Bad Movie Logo
"A website to the detriment of good film"
Custom Search
HOMEB-MOVIE REVIEWSREADER REVIEWSFORUMINTERVIEWSUPDATESABOUT
Welcome, Guest. Please login or register.
Did you miss your activation email?
October 22, 2014, 03:14:33 AM
536070 Posts in 40552 Topics by 5095 Members
Latest Member: Shaaanee
Badmovies.org Forum  |  Other Topics  |  Entertainment  |  Reading anything? « previous next »
Pages: 1 ... 82 83 [84] 85 86 ... 99
Author Topic: Reading anything?  (Read 143920 times)
BoyScoutKevin
Frightening Fanatic of Horrible Cinema
****

Karma: 150
Posts: 2985


« Reply #1245 on: March 12, 2013, 05:44:02 PM »

Ye-es!

Paul French's
"Midnight in Peking : How the Murder of an Young English Woman Haunted the Last Days of Old China"

Take one dead girl, a grieving father, an unknown murderer, two detectives (one Chinese, one English) Add 3000 other foreigners, who were sent there, came there, or drifted there, and never left. Plus an American school, English and Russian banks, a French post office, a German hospital, an Italian confectionery, a Portuguese church, and a Swiss hotel. Toss in a handful of criminals: Asian, European, and North American. Surround by a million Chinese, who owe their loyalty to the Nationalists, the Communists, and those whose only loyalty is to themselves. Top with the Japanese army, and you have a heck of a story for a film. Especially because of the colorful characters, including the grieving father.

A man you literally could not kill. Twice he survived attacks by bandits. Two fires. Two massacres. Death by drowning, Death by shipwreck. Death by trainwreck. And falling through a building skylight to the floor many feet below. Plus when he was in the Taiwanese jungle, he became so ill, he was thought to be at death's door, but, he saved himself by walking to safety alone and unaided. And he spent two years in a Japnese internment camp and walked away from that as well.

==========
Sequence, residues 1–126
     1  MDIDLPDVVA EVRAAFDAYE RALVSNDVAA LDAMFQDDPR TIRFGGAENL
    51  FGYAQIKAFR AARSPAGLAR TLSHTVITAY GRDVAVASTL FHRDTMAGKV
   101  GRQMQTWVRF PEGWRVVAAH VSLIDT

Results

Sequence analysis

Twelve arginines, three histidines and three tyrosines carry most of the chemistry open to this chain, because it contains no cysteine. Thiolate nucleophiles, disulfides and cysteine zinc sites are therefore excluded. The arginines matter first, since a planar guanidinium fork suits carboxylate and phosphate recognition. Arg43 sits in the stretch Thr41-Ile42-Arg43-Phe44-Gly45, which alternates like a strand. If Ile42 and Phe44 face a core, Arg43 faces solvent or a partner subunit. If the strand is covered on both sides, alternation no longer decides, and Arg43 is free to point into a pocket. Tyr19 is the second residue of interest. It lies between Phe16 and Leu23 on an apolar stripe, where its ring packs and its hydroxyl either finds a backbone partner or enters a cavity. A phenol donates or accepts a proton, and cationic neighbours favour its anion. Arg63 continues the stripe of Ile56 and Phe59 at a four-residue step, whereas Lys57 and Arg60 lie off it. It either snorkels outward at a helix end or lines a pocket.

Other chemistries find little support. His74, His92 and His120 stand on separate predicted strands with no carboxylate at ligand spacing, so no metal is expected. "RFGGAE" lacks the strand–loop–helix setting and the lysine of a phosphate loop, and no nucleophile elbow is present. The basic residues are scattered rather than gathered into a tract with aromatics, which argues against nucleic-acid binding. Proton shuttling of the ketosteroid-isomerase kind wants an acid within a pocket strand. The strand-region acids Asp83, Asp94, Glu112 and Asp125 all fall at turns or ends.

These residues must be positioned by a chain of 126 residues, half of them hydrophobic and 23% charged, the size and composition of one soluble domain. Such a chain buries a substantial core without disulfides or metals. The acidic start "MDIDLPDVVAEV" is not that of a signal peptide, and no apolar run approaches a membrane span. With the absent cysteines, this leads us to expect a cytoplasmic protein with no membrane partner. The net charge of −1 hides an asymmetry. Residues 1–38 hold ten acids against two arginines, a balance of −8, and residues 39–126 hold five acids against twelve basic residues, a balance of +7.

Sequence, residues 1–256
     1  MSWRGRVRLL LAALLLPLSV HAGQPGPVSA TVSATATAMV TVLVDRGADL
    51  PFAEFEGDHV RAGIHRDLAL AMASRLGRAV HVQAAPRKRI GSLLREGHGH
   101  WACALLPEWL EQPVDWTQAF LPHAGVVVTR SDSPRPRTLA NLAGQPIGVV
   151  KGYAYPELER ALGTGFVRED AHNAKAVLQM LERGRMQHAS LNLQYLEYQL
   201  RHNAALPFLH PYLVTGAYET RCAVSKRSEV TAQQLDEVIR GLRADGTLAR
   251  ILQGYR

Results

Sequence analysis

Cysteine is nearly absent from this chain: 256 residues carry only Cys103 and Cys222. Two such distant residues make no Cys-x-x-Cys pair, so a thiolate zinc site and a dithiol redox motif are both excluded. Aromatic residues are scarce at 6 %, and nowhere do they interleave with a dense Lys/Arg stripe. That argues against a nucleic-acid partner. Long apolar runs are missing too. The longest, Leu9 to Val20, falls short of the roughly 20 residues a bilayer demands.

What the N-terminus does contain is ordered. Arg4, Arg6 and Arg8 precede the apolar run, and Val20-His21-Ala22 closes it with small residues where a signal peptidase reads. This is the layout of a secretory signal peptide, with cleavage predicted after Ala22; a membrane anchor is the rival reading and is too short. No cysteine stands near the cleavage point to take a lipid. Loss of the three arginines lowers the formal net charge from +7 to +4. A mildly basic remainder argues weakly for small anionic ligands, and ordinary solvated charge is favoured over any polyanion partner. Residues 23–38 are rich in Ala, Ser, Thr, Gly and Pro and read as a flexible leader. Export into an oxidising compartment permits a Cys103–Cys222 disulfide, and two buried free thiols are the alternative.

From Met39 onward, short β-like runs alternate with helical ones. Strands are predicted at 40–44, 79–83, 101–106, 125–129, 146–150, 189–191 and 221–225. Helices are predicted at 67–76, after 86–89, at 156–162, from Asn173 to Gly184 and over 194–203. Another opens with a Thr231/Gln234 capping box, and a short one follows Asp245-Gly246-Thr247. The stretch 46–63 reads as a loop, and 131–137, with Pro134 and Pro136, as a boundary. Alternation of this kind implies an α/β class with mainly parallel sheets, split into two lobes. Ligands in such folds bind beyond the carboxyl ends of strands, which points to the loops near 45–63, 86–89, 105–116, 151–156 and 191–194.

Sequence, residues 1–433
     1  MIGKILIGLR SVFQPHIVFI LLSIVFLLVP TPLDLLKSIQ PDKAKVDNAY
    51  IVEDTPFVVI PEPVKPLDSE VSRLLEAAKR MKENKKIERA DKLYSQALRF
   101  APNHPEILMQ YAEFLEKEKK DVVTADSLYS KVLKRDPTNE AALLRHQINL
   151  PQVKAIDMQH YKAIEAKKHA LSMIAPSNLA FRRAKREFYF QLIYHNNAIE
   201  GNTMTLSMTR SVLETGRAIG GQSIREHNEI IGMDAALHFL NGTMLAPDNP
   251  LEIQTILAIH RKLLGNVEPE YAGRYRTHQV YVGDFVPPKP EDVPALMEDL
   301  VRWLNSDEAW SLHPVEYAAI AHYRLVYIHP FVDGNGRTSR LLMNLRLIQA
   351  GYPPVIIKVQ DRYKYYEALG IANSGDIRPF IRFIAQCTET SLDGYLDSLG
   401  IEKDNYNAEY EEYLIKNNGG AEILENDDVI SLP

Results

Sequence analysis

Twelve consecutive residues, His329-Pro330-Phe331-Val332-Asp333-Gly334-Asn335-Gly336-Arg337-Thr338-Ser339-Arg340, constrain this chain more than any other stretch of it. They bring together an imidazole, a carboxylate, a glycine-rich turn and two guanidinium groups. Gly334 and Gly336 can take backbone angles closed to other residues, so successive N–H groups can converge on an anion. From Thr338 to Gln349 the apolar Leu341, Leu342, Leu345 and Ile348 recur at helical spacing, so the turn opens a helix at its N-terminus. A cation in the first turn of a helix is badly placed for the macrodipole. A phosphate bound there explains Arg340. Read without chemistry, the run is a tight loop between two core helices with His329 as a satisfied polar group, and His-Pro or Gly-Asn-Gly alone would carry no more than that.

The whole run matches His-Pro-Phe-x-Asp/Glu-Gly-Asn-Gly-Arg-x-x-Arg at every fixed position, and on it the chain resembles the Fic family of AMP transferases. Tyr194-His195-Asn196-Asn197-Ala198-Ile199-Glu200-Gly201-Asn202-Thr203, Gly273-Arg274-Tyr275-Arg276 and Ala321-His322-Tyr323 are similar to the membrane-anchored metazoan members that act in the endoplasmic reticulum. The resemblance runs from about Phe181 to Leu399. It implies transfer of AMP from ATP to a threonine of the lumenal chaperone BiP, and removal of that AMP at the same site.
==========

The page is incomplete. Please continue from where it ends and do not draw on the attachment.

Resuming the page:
The only problem is that the case was never solved. While the author comes up with a logical supposition explaining the why, the who, the where, the when, the what, and the how, that is all it is is supposition.

Also read . . .

William Ryan's
"The Darkening Field"
or, the 2nd in Alexi Korolev series

How do you make someone likable, when you have been told almost all your life, that all Russians are unlikable. It's not easy.

Elizaabeth Hand's
"Available Dark"
The 2nd or 3rd in a trilogy with at least one more to follow. Plus 10 or 11 more works of fiction.

A book with one of the better endings, I have read. And we thought we had economic problems. This book takes place in Iceland, just after the total collapse of the Icelandic economy. The situation was so dire, that it was thought the Iceland government would have to declare bankruptcy to get out of the economic mess.

Just names, titles, and serieses and my recommendations for these two.

Anna Dean's
"A Gentleman of Fortune, or, the Suspicions of Miss Dido kent."
2nd in the Dido Kent series.

Robert Barnard's
"A Charitable Body"
The 41st in the Charlie and Felicity Peace series

More to follow next time
Logged
BoyScoutKevin
Frightening Fanatic of Horrible Cinema
****

Karma: 150
Posts: 2985


« Reply #1246 on: March 20, 2013, 03:10:33 PM »

Ye-es!

Eric Chaline's
Fifty Animals That Changed the Course of History

Chosen because they were edible, medicinal, commercial, and/or practical. Gives their native range, scientific class, and size. An interesting mixture for both the scientist and the public.

Gareth Rubin's
Crap Days Out

Title should be "Crap Days Out [in the U.K., or the 148 Worst Tourist Attractions in Great Britain] But I've seen 14 or about 9% of them, and I enjoyed all 14. So don't let the author's opinions stop you from visiting them, as I am not sure whether he is totally serious or not.

Andrew Lane's
Rebel Fire
2nd in the Sherlock Holmes : the Legend Begins series

Sherlock takes on an exotic animal collector and an unconverted Rebel to prevent the invasion of Canada. Where he meets people both factual and fictional. Among the factual people he meets is Count Zeppelin and John Wilkes Booth, who is a little worst for wear. If the 1st in the series shows how Sherlock became interested in bees, this shows how and where he learned to play the violin. A promised 3rd in the series coming, where Sherlock and his older brother Mycroft go traveling and encounter the Giant Rat of Sumatra.